i have found a thread on the wfc forum, but no one seemed to care about this one really. do you know anyone who tried to replicate this?

Hallo nachbar,

Well, i did some tests on that, some time ago.
I went up to 8kV and i didnt see 1 bubble.
The test was done with tapwater.
I stopped there.
But dont let that stop you.

Steve





Offline Hidden

  • 50+
  • *
  • Posts: 68
Re: Chris R. Eccles Water Fracture Apparatus
« Reply #4 on: August 09, 2009, 23:43:37 pm »
who says high voltage is necessary ? Most transformers are not quick enough DC pulsing , it becomes expensive for exotic transformers , not really an isue tho if you are serious .

Im thinking medium voltage 24 to 600 with proper impedance matching . Now that is something new and workable .

And when the impedance changes , you tune your setup or your frequency . PLL controlled . This is where I think most people fail also , these 2 key systems is where the complexity lies . That sputtering Kinesisfilms was probably right .

Low voltage = easy to find caps .

Stephen Meyers said is was about the phasing of current and voltage is important , not just high voltage .

The VIC cell is dificult to get phasing with , its not reactive at all , its just crappy water ,  that is the big mystery to me .
« Last Edit: August 10, 2009, 03:17:40 am by Dankie »

Offline Hidden

  • Moderator
  • Sr. member
  • ***
  • Posts: 457
Re: Chris R. Eccles Water Fracture Apparatus
« Reply #5 on: August 10, 2009, 10:32:11 am »
yeah i agree with you dankie, that's the complexity of the (rather simple) meyer-circuit.

anyway i'm concentrating on this now,  the frequency range is rather low (200Hz to 400Hz), which should give the capacitor a high impedance and allow the flyback transformer to step up the voltage correctly. (i guess they can be used for higher frequencies too, because they are driven by 15,600Hz (don't know exactly but it was in that range) voltage in a tv anyway.

Offline Hidden

  • 50+
  • *
  • Posts: 58
Re: Chris R. Eccles Water Fracture Apparatus
« Reply #6 on: August 10, 2009, 23:38:48 pm »
Hi

For the record,  the Eccles patent is only a patent application and it was abandoned prior to review.  No patent was ever issued.  That may nor may not be relevant.

A TV flyback will not work well at 400hz. The duty cycle will have to be extremely low  to prevent core saturation and over current. This means the dead time will be huge compared to the on time.  TV flybacks typically run at 15Khz with an applied pulse width of a few microseconds. 

Linear Tech makes some interesting IC, several of which are Capacitor Charger Controllers.  These are basically PWM flyback controllers that can be configured to give an HV output.  The pwm is automagically generated based upon feedback from a current sense resistor. So there is current limiting.   The output voltage is determined by the winding ratio.

Attached is a schematic and a zip file that includes a Spice simuation of that schematic.  The values  I used give an output of about 2.7 KV.  I used  a small capacitor to speed up the simulation. 

A TV flyback could possibly work with this IC as long as the primary inductance is around 10 uh. But I imagine that the current will have to be reduced from the 8 amps peak I have set here.   Current is set with R5.  The wire size used on the primary should give a good clue as the the primary current the transformer can handle.  Alternatively,  a custom transformer could be wound.  I would try a gapped E-Core that has a saturation current above 10 amps.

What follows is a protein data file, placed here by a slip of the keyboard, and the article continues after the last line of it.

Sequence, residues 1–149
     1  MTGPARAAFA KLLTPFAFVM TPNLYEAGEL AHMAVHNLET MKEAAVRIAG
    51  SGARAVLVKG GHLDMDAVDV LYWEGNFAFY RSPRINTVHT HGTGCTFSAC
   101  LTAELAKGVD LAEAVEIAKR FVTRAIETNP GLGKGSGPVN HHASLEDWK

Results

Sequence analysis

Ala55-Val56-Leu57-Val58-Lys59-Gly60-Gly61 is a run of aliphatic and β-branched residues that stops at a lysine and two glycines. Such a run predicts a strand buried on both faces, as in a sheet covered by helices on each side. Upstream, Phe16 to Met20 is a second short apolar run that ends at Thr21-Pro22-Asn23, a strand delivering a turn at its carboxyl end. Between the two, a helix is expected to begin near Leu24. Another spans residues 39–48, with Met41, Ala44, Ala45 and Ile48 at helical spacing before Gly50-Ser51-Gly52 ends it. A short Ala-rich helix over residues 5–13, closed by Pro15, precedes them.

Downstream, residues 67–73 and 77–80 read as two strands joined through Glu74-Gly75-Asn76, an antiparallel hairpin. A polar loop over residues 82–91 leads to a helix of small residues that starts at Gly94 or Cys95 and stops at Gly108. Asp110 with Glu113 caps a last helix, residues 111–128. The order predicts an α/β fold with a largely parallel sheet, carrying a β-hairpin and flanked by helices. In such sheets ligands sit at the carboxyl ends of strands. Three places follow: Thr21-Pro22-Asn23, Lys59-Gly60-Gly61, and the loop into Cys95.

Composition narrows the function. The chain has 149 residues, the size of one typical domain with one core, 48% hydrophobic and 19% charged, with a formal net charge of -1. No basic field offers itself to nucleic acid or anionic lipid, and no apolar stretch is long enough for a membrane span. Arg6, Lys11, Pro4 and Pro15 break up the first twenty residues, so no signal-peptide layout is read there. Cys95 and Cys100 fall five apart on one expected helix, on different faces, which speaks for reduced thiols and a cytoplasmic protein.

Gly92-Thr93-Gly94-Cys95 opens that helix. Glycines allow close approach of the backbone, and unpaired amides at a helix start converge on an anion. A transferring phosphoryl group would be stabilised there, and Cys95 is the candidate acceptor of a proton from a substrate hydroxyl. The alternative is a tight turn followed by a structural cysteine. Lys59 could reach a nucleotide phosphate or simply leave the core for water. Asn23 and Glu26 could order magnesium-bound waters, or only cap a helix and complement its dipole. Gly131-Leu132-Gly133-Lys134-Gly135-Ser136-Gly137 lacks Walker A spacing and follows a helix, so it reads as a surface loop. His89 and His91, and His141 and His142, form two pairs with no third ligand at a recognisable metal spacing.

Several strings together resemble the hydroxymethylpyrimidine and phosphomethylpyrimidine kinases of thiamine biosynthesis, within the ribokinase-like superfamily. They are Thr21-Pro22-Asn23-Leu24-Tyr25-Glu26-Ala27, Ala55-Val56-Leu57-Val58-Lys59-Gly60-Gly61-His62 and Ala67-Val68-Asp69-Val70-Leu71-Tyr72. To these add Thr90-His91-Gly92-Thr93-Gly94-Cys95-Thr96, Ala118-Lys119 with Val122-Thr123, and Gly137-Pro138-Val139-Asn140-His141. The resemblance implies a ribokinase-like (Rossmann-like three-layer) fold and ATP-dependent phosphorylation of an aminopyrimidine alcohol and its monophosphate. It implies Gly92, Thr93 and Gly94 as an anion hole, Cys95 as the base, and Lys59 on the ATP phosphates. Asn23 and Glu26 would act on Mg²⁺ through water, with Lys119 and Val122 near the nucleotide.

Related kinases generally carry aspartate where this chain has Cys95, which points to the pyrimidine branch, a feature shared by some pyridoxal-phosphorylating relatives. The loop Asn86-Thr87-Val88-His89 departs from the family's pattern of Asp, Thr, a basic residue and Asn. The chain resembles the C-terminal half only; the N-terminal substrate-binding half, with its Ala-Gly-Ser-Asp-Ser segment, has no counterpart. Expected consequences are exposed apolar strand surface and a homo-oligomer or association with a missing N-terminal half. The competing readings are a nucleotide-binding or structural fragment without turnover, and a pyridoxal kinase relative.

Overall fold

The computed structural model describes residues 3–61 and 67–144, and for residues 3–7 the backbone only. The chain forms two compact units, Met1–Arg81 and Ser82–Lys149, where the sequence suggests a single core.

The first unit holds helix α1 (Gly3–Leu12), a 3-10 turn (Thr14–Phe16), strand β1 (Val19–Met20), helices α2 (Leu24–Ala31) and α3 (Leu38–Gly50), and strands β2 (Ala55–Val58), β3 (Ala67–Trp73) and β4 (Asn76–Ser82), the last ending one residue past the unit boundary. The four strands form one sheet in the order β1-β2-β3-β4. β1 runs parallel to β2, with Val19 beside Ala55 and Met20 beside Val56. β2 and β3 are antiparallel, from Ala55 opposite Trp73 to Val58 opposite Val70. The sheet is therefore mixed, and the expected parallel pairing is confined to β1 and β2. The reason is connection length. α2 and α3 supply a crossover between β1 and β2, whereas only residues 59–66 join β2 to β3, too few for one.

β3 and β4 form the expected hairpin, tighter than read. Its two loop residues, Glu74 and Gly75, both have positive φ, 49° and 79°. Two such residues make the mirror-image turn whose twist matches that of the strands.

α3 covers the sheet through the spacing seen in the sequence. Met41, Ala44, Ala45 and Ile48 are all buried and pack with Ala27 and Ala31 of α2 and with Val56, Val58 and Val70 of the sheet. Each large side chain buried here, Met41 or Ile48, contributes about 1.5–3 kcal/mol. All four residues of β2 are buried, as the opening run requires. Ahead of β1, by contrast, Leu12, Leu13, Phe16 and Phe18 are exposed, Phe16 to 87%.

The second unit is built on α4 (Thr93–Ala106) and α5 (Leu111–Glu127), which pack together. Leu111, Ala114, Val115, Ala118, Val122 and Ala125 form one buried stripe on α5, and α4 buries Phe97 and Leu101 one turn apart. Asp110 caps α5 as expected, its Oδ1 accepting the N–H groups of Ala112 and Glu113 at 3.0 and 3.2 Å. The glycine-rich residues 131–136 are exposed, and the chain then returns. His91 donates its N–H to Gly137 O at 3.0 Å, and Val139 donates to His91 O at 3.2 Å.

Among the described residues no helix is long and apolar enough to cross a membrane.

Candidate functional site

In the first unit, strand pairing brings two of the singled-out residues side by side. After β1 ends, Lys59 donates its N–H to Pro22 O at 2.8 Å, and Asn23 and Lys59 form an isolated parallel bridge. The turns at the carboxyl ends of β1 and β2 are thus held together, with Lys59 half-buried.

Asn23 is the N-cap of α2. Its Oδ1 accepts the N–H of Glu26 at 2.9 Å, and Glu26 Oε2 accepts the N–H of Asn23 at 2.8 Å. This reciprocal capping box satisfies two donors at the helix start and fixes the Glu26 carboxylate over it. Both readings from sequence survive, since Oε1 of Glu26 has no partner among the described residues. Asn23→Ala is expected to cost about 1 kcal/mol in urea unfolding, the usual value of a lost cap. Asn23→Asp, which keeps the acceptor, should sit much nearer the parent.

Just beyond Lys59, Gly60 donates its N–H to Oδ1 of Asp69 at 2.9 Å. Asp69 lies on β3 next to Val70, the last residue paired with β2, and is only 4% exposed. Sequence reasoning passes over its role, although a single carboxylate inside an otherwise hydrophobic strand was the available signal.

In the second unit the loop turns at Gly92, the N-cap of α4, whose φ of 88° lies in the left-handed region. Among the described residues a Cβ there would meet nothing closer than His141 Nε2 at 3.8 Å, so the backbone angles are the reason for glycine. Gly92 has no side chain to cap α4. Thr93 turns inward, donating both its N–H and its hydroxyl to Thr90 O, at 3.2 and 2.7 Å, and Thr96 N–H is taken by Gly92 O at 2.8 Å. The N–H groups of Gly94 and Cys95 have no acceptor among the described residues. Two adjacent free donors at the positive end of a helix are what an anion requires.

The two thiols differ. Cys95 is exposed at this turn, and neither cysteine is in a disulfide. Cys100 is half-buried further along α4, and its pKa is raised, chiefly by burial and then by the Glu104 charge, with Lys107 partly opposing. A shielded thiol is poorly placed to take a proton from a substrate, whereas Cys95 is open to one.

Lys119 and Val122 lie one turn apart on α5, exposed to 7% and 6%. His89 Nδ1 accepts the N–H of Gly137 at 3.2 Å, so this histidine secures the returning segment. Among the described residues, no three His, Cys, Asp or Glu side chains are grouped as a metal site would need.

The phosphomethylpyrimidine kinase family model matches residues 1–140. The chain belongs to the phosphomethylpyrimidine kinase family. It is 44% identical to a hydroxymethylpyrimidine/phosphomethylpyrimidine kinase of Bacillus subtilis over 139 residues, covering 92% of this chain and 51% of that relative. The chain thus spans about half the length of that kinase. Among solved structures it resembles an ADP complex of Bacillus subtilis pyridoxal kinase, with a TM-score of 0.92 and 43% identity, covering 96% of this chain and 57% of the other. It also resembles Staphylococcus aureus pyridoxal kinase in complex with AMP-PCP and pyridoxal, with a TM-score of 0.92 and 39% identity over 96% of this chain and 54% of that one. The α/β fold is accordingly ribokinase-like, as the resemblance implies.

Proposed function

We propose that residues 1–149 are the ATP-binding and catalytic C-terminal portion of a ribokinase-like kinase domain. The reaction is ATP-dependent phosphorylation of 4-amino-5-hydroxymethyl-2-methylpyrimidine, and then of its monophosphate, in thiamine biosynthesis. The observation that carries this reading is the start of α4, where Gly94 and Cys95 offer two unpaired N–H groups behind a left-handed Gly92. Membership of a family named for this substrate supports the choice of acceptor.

I am putting this here mainly to show that there are much better IC's  for doing PWM than the outdated and unstable 555 timer.   

To run the simulation and experiment with component values you will need to download LTSpice from Linear Tech.   It is free and quite good.

http://www.linear.com

LT3750 Datasheet:   http://cds.linear.com/docs/Datasheet/3750fa.pdf   

Goey

« Last Edit: August 11, 2009, 00:51:55 am by Goeytex »

Offline Hidden

  • 50+
  • *
  • Posts: 68
Re: Chris R. Eccles Water Fracture Apparatus
« Reply #7 on: August 11, 2009, 05:05:04 am »
Hi

For the record,  the Eccles patent is only a patent application and it was abandoned prior to review.  No patent was ever issued.  That may nor may not be relevant.

A TV flyback will not work well at 400hz. The duty cycle will have to be extremely low  to prevent core saturation and over current. This means the dead time will be huge compared to the on time.  TV flybacks typically run at 15Khz with an applied pulse width of a few microseconds. 

Linear Tech makes some interesting IC, several of which are Capacitor Charger Controllers.  These are basically PWM flyback controllers that can be configured to give an HV output.  The pwm is automagically generated based upon feedback from a current sense resistor. So there is current limiting.   The output voltage is determined by the winding ratio.

Attached is a schematic and a zip file that includes a Spice simuation of that schematic.  The values  I used give an output of about 2.7 KV.  I used  a small capacitor to speed up the simulation. 

A TV flyback could possibly work with this IC as long as the primary inductance is around 10 uh. But I imagine that the current will have to be reduced from the 8 amps peak I have set here.   Current is set with R5.  The wire size used on the primary should give a good clue as the the primary current the transformer can handle.  Alternatively,  a custom transformer could be wound.  I would try a gapped E-Core that has a saturation current above 10 amps.

I am putting this here mainly to show that there are much better IC's  for doing PWM than the outdated and unstable 555 timer.   

To run the simulation and experiment with component values you will need to download LTSpice from Linear Tech.   It is free and quite good.

http://www.linear.com

LT3750 Datasheet:   http://cds.linear.com/docs/Datasheet/3750fa.pdf   

Goey

I disagreee ,

the lmc555 is very stable and good for any voltage lvl , it has a very decent 15 ns rise time .

It is like 3 time smore expensive than a regular 555 but worth it .